A review of how the Religious Discrimination Bill came to an ignominious end, with lopsided media coverage and emotive claims.
Last Monday, many well-informed Christians thought Australia might have a Religious Discrimination Bill by the end of the week: a bill that would enshrine common-sense legal protections for people of religious faith.
Alas, by the middle of the week, our hopes were dashed.
The politics around this Bill were so toxic that the Federal government has shelved it. It’s disappointing that our Federal Parliament could not pass a Bill that would have seemed uncontroversial only a few years ago. It’s disappointing that so much media ‘discussion’ surrounding the Bill contained more heat than light.
And so, here are five reflections on the failure of this Bill:
1) How You ‘Frame’ an Issue is (Almost) Everything
We all ‘frame’ pictures we take on our phones by including some things (e.g. the scenic backdrop) but not others (e.g. the tourists standing nearby).
And we do a similar thing with arguments: leaving out certain bits of info while including others.
It’s not all bad — some information isn’t relevant! But there is a downside. Often arguments end up unfairly skewed by the information they include or leave out. And this was the case with the Religious Discrimination Bill. As Sydney Morning Herald journalist Chip Le Grand points out:
‘If you understood this proposed law only from the debate surrounding it rather than what was written in the legislation, you could be forgiven for thinking its main purpose was to allow religious schools to expel students because of their sexuality or gender.’
Framing the Religious Discrimination Bill as a licence to discriminate meant it would never get a fair hearing in our public square, whether in the Media or even Federal Parliament.
2) Public Moral Arguments Are Driven More By Emotion Than Reason
According to Philosopher Alasdair MacIntyre, our modern Western moral debates are primarily driven not by tight moral reasoning but by emotion and aesthetics (or ‘optics’, to use another word). 
And we saw this in the arguments against the Religious Discrimination Bill. Nearly all the arguments were driven by emotional appeals against ‘discrimination’ rather than a clear-eyed understanding of the legislation itself. (This is despite the Bill arriving in Parliament with bi-partisan support recommending its adoption into law).
3) In today’s West, ‘Diversity’ Is Only For Some, But Not Others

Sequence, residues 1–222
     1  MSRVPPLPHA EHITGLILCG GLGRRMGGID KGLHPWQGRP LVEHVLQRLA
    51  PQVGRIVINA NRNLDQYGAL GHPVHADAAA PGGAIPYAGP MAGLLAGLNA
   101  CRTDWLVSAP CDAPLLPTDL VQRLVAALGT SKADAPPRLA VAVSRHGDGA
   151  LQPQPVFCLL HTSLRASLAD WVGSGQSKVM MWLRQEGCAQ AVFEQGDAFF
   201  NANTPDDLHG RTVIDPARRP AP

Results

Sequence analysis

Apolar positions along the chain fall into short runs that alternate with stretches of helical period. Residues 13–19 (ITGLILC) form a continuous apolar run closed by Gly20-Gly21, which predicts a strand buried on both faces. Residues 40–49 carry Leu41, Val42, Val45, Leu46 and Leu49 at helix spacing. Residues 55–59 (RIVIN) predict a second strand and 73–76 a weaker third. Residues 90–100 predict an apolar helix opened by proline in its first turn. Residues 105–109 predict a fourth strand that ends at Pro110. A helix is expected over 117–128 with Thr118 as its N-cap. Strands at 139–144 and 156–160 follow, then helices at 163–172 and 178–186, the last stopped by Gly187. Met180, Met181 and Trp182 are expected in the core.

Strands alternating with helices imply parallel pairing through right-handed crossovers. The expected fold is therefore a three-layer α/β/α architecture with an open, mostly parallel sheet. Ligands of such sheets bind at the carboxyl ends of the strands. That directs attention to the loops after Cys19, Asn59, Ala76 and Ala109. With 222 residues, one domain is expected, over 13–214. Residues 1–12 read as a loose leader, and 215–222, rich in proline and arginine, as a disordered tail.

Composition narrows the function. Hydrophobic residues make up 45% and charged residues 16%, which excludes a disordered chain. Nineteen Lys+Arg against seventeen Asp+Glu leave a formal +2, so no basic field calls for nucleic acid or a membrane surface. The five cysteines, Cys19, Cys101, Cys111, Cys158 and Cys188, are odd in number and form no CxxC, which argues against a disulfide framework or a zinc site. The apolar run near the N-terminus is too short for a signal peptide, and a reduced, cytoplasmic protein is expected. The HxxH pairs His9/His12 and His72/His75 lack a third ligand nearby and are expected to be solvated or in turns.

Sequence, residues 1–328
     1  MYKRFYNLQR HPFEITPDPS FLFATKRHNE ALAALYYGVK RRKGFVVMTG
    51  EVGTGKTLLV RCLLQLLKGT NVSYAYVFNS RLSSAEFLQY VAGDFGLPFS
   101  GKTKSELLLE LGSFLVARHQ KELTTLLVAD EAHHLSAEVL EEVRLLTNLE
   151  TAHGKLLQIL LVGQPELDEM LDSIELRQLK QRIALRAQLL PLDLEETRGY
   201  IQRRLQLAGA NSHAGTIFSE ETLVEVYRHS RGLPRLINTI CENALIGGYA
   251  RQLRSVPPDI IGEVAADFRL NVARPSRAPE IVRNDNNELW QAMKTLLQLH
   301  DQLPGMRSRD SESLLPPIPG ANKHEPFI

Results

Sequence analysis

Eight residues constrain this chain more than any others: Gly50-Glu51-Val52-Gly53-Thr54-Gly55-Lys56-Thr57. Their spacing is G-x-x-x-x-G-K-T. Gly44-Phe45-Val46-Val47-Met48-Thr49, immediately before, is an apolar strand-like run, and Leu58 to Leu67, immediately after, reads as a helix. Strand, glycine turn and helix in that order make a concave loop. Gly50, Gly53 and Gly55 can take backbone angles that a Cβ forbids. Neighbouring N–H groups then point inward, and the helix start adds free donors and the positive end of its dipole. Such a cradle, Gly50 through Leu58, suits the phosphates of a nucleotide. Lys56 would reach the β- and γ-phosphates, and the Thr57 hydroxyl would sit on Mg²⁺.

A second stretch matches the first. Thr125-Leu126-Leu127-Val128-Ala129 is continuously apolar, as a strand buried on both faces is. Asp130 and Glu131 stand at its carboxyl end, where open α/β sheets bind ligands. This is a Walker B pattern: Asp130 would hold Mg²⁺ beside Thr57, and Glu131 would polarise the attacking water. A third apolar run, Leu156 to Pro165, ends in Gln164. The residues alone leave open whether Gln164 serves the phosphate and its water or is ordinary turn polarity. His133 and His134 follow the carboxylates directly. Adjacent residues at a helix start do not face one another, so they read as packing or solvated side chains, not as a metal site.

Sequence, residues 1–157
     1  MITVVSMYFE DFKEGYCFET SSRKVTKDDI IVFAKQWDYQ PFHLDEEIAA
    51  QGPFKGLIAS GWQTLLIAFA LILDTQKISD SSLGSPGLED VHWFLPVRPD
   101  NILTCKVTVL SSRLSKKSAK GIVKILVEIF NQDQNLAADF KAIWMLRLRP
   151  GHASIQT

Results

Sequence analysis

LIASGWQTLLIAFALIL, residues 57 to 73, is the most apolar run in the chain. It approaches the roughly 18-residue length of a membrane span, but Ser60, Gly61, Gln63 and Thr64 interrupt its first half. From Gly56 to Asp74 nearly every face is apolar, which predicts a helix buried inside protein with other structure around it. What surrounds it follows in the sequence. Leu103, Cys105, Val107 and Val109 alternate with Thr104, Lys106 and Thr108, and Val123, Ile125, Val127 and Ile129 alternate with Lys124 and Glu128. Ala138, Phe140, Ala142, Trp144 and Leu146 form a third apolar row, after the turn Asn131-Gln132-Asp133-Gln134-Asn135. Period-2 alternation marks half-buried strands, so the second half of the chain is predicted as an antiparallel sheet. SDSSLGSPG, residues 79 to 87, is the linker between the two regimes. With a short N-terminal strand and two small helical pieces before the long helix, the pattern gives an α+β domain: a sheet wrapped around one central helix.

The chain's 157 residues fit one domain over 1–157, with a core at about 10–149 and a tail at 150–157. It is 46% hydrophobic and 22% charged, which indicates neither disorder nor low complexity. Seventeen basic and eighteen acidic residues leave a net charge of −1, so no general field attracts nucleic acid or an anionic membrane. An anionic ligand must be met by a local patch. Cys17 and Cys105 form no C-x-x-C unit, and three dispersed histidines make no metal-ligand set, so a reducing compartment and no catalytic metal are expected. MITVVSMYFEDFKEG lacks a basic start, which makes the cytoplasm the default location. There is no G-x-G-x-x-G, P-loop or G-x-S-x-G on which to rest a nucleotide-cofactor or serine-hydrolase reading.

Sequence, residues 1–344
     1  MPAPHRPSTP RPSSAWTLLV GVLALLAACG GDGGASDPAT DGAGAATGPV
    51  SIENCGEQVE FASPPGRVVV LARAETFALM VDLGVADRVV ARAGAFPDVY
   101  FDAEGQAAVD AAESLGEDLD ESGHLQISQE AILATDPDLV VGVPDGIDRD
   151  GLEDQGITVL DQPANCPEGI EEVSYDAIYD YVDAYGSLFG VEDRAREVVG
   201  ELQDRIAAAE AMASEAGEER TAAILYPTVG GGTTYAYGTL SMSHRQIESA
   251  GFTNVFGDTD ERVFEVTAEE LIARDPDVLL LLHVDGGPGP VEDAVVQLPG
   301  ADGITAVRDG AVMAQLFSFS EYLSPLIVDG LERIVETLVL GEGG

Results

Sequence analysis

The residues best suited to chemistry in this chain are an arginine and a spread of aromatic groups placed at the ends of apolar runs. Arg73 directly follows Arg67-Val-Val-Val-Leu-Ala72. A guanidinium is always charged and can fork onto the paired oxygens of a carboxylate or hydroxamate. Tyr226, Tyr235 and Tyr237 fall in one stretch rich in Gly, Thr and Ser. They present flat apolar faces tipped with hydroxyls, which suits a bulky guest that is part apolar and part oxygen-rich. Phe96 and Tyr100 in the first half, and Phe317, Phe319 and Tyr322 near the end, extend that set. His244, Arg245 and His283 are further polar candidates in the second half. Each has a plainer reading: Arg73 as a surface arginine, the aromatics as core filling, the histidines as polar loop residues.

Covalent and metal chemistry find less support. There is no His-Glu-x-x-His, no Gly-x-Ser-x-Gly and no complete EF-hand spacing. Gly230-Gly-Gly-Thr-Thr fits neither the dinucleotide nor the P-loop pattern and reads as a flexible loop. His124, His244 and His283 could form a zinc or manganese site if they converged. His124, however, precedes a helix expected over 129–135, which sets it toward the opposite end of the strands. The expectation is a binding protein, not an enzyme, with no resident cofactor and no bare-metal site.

‘Diversity’ is a buzzword that’s very popular in our secular culture.
Everybody wants to be seen as diverse. Ironically, however, this ‘diversity’ is driven by an intolerant ideology, that restricts true diversity for organisations like Christian schools. Such schools are being pressured to employ non-Christian staff. They’re being told never to enforce their sexual ethic among students. (Never mind that many non-Christian parents choose these schools freely and willingly for their kids). 
And all in the name of ‘diversity’: ‘diversity for me but not for thee’.
4) The Public Square is Contested Because of a Clash of Worldviews
It’s tempting to see lack of civility as the reason for our society’s fracturing.
But there’s more to it than that. As Political Science professor David T. Koyzis points out, many of the battles in the political realm are shaped, not simply by the refusal of one side or another to “face facts” or “be reasonable,” as one typically hears, but by differing views of reality rooted in alternative worldviews. 
And ground zero for this clash is Religious Freedom.
5) There are Legitimate Reasons Why a Religious School Should Be Allowed To Uphold Its Sexual Ethics Among Students
There are legitimate situations where a religious school should be allowed to uphold its ethos among its students. Even when it comes to students’ sexuality and gender.
Take for example the following situations:
A female School Captain (a leader and model to the student body) becomes pregnant while unmarried.
A male student identifying as female wants to be enrolled in an all-girls Christian school.
A group of LGBTI students want to set up a ‘Pride’ club at their Christian school.
In each of those situations, the Christian school should act lovingly and pastorally, caring for the student(s) in question.
And yet, caring for the students means also caring for the student body. This includes maintaining an environment that furthers the religious ethos of the school among its students (including its sexual and gender ethic). Allowing those situations to continue without any action by the school would compromise that ethos.
In our pluralistic and diverse society, surely we can make room for true diversity: a diversity for religious communities to operate schools according to their ethos, even when that ethos includes a sexual and gender ethic that’s different to the mainstream?
After all, so often it’s the religious ethos (and the environment it fosters) that leads parents (Christian and non-Christian) to willingly send their kids to such schools. 
 Taken from Carl Trueman, The Rise and Triumph of the Modern Self — Cultural Amnesia, Expressive Individualism, and the Road to Sexual Revolution (Wheaton, Illinois: Crossway, 2020), p. 85.
 I’m indebted to Christian philosopher Chris Watkin for this insight.
 David T. Koyzis, Political Visions And Illusions — A Survey and Christian Critique of Contemporary Ideologies (Downers Grove, IL: IVP Academic, 2003), p. 8.
 Associate Professor Neil Foster discusses this further on his blog.
Originally published at AkosBalogh.com. Photo by Julia M Cameron from Pexels.